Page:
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Verse 27. Howbeit. But. They proceeded to state a reason why they supposed that he could not be the Messiah, whatever the rulers might think.

We know this man whence he is. We know the place of his birth and residence.

No man knoweth whence he is. From Mt 2:5, it appears that the common expectation of the Jews was that the Messiah would be born at Bethlehem; but they had also reigned that after his birth he would be hidden or taken away in some mysterious manner, and appear again from some unexpected quarter. We find allusions to this expectation in the New Testament, where our Saviour corrects their common notions, Mt 24:23: "Then if any man shall say unto you, Lo, here is Christ, or there, believe it not." And again (Mt 24:26), "If they shall say unto you, Behold, he is in the desert, go not forth; behold, he is in the secret chambers, believe it not." The following extracts from Jewish writings show that this was the common expectation: "The Redeemer shall manifest himself, and afterward be hid. So it was in the redemption from Egypt. Moses showed himself and then was hidden." So on the passage, So 2:9— "My beloved is like a roe or a young hart"—they say: "A roe appears and then is hid; so the Redeemer shall first appear and then be concealed, and then again be concealed and then again appear." "So the Redeemer shall first appear and then be hid, and then, at the end of forty-five days, shall reappear, and cause manna to descend." See Lightfoot. Whatever may have been the source of this opinion, it explains the passage, and shows that the writer of this gospel was well acquainted with the opinions of the Jews, however improbable those opinions were.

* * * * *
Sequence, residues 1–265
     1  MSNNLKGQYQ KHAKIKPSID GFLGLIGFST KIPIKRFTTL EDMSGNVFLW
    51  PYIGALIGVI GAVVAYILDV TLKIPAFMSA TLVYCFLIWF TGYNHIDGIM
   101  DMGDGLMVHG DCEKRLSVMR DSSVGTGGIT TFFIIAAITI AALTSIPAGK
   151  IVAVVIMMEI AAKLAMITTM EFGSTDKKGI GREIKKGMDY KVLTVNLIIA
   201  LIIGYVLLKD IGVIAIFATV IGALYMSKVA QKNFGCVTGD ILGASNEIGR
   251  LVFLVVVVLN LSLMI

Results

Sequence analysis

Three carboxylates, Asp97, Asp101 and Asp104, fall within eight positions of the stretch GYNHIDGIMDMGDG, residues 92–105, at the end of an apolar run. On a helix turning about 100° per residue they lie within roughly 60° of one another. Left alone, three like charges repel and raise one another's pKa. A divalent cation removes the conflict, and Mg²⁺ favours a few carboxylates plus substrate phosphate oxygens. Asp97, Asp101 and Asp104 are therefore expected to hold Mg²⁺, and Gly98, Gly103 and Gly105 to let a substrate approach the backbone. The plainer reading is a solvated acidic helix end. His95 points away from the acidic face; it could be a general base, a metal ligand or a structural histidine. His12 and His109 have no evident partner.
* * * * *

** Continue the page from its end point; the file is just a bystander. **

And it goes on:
{v} "Howbeit" Mt 13:55

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